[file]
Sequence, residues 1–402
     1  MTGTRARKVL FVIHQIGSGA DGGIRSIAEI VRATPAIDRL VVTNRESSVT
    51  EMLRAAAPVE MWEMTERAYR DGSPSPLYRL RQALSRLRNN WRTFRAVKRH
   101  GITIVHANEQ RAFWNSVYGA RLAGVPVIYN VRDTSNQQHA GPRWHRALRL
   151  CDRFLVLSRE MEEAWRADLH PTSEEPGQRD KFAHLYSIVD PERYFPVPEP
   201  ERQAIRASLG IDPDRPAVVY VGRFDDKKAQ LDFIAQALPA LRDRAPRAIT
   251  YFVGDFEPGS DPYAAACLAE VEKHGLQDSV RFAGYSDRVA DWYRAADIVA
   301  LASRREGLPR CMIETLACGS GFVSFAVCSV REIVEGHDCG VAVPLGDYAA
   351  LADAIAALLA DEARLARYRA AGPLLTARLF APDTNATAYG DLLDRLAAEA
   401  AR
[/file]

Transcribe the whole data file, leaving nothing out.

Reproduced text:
Sequence, residues 1–402
     1  MTGTRARKVL FVIHQIGSGA DGGIRSIAEI VRATPAIDRL VVTNRESSVT
    51  EMLRAAAPVE MWEMTERAYR DGSPSPLYRL RQALSRLRNN WRTFRAVKRH
   101  GITIVHANEQ RAFWNSVYGA RLAGVPVIYN VRDTSNQQHA GPRWHRALRL
   151  CDRFLVLSRE MEEAWRADLH PTSEEPGQRD KFAHLYSIVD PERYFPVPEP
   201  ERQAIRASLG IDPDRPAVVY VGRFDDKKAQ LDFIAQALPA LRDRAPRAIT
   251  YFVGDFEPGS DPYAAACLAE VEKHGLQDSV RFAGYSDRVA DWYRAADIVA
   301  LASRREGLPR CMIETLACGS GFVSFAVCSV REIVEGHDCG VAVPLGDYAA
   351  LADAIAALLA DEARLARYRA AGPLLTARLF APDTNATAYG DLLDRLAAEA
   401  AR